Originality/value – This analysis demonstrates the value of integrating conventional sociological analysis and evolutionary theory to gain new explanatory insights about social processes such as serial reciprocity that have received relatively little prior attention by sociological researchers.

Details

Biosociology and Neurosociology
Type: Book
ISBN: 978-1-78190-257-8

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Article
Publication date: 9 May 2016

Alexander Styhre

In the recent literature on financialization and the rise of investor capitalism, the successor of managerial capitalism, which dominated until the 1970s, suggests that the firm…

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Abstract

Purpose

In the recent literature on financialization and the rise of investor capitalism, the successor of managerial capitalism, which dominated until the 1970s, suggests that the firm is today enacted as a bundle of financial assets managed to create value for the shareholders. This paper aims to demonstrate how such views are established relatively recently by examining leadership literature published in the 1970s, representing an entirely different view of leadership work, the role of the firm and capital–labour relations.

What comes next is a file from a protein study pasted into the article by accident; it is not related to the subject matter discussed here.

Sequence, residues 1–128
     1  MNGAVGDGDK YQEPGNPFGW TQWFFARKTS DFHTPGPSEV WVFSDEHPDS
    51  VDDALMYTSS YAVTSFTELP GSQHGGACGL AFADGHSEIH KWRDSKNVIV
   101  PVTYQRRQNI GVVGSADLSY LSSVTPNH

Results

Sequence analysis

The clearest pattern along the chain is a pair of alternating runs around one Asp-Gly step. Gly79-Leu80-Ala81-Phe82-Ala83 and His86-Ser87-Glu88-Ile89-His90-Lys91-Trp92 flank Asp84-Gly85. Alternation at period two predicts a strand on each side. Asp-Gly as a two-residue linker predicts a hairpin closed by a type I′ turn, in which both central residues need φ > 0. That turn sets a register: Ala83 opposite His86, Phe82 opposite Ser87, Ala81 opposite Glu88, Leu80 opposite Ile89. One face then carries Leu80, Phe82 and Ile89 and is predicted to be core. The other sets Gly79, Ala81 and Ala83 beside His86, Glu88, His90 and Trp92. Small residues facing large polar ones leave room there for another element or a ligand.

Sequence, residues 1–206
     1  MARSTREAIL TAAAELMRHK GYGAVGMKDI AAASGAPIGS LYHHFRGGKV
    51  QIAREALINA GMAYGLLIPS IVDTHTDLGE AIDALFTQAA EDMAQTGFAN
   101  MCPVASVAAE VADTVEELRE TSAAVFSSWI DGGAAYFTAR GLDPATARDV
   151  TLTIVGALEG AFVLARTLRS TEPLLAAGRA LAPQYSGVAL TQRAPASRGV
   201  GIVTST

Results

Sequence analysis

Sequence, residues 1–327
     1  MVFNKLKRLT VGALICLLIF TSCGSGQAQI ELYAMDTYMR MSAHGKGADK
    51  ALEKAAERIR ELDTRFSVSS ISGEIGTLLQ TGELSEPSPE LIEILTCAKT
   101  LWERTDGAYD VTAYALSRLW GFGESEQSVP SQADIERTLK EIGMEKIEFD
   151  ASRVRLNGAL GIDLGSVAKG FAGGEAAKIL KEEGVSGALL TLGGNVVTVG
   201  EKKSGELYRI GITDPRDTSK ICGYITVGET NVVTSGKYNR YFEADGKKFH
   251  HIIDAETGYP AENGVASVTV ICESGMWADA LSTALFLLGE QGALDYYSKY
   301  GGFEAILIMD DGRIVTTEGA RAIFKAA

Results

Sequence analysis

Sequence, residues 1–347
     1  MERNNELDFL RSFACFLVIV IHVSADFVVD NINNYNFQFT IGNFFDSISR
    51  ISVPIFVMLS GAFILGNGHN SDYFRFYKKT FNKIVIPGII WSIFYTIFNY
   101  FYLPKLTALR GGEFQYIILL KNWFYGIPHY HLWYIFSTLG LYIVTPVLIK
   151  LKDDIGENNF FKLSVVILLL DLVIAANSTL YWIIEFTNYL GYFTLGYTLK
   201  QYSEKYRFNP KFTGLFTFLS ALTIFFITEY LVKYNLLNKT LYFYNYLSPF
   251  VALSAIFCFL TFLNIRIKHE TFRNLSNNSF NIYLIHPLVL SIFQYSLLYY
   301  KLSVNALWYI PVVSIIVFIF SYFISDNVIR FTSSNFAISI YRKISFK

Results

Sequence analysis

Design/methodology/approach

Two books and one Harvard Business Review article published by the Volvo CEO Pehr G. Gyllenhammar, one of the most prominent Swedish industry leaders of the past century and one of the architects behind Volvo’s internationally renowned Kalmar and Uddevalla plants in Sweden, are examined. Based on a critical discourse analysis framework, these two volumes are treated as representatives of what Alfred Chandler speaks of as the regime managerial capitalism, today largely displaced by the regime of investor capitalism.